Playtesting Lost Ruins of Arnak: Expedition Leaders (Part 2)

In this part, we’ll talk a bit more about what information we were actually tracking and looking into, and why digital playtest is not everything and real-world tables actually matter.

If you’ve missed Part 1 of this series, you can check it out here.

PROCESSING (AND EVALUATING) THE DATA

During playtesting we were tracking a lot of data, both from the feedback forms the players filled out and from the game stats. The data we’ve gathered was highly rewarding, but processing and evaluation of all this data were also quite challenging.

As was mentioned before, this data is invaluable to us – the data and the option to replay each game session directly on BGA are both the strongest tools we have to make sure different elements of the gameplay are balanced. The expansion is highly asymmetrical, so we had to be extra careful with tinkering and tuning.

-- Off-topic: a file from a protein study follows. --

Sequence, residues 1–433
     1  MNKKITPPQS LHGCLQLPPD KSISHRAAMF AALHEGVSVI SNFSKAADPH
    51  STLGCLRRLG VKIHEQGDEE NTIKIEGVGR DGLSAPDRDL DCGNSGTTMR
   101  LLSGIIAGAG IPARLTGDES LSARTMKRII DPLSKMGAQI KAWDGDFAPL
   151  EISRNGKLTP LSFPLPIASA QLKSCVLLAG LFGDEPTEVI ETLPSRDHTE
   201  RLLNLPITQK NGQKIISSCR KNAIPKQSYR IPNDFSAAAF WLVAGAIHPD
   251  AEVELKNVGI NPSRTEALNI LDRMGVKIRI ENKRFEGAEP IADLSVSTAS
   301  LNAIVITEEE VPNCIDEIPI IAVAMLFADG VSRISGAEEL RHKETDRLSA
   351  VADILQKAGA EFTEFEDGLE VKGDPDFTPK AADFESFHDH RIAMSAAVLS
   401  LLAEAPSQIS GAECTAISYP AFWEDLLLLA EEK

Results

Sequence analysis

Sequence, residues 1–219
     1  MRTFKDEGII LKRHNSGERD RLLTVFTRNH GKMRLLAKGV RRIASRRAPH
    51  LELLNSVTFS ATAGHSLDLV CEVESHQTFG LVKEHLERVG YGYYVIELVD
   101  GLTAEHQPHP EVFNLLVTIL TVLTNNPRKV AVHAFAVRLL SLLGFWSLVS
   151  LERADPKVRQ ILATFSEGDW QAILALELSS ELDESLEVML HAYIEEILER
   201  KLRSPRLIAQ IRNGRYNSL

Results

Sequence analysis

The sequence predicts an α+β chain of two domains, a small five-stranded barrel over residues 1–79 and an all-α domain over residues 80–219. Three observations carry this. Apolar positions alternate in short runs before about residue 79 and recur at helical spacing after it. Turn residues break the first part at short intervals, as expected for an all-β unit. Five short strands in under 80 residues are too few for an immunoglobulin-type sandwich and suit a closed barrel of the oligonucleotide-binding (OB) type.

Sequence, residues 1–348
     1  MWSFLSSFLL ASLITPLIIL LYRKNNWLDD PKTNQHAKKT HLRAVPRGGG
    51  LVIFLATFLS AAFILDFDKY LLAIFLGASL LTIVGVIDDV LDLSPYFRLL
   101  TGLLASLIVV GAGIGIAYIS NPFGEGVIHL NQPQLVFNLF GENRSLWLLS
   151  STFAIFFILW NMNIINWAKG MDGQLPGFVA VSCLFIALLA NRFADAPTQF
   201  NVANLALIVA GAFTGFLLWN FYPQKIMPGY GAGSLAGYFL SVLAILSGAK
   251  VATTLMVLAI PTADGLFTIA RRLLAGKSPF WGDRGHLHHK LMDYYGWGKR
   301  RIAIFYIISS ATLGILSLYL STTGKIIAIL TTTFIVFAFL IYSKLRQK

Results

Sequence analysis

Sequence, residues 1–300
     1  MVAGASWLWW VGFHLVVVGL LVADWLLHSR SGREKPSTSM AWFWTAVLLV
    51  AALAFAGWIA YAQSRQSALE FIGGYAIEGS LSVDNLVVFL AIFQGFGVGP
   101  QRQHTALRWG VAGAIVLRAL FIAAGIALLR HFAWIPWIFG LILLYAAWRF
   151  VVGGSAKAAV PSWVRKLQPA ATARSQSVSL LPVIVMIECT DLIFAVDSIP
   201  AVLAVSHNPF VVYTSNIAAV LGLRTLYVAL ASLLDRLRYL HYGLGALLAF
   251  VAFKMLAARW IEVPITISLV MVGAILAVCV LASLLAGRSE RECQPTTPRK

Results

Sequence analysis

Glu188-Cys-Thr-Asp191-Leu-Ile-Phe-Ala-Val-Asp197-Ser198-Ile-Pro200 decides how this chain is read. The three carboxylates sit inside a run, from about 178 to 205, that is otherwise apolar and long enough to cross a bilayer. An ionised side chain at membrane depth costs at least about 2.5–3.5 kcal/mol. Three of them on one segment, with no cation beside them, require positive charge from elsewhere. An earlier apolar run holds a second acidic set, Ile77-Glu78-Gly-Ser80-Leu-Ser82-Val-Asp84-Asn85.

One of the most important things we tracked was the average and maximum scores of each leader, to see how consistent their performance is. From this data, we saw which characters needed tweaking, and over time we were also able to define which leaders were more suited for beginner players and which are more difficult to play.

We also tracked other things like what scores were achieved on which of the two new research tracks, the number of cards gained and played, the number of turns per leader and per round, how often different leader-specific bonuses were used in case of the Falconer and the Mystic, and much more.